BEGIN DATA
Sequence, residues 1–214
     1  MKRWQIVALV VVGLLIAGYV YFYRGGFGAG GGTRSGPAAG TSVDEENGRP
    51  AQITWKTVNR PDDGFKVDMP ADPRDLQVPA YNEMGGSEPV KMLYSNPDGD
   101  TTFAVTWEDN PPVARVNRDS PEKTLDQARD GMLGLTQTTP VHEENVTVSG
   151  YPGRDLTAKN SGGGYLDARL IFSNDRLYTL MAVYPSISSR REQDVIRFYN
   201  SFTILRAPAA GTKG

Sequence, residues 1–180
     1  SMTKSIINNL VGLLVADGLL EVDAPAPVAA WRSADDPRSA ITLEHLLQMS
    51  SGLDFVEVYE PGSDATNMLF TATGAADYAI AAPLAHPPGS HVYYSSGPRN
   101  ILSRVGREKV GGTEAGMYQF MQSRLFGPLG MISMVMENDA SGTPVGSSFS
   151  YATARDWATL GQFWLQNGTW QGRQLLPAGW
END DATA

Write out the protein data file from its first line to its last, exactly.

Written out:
Sequence, residues 1–214
     1  MKRWQIVALV VVGLLIAGYV YFYRGGFGAG GGTRSGPAAG TSVDEENGRP
    51  AQITWKTVNR PDDGFKVDMP ADPRDLQVPA YNEMGGSEPV KMLYSNPDGD
   101  TTFAVTWEDN PPVARVNRDS PEKTLDQARD GMLGLTQTTP VHEENVTVSG
   151  YPGRDLTAKN SGGGYLDARL IFSNDRLYTL MAVYPSISSR REQDVIRFYN
   201  SFTILRAPAA GTKG

Sequence, residues 1–180
     1  SMTKSIINNL VGLLVADGLL EVDAPAPVAA WRSADDPRSA ITLEHLLQMS
    51  SGLDFVEVYE PGSDATNMLF TATGAADYAI AAPLAHPPGS HVYYSSGPRN
   101  ILSRVGREKV GGTEAGMYQF MQSRLFGPLG MISMVMENDA SGTPVGSSFS
   151  YATARDWATL GQFWLQNGTW QGRQLLPAGW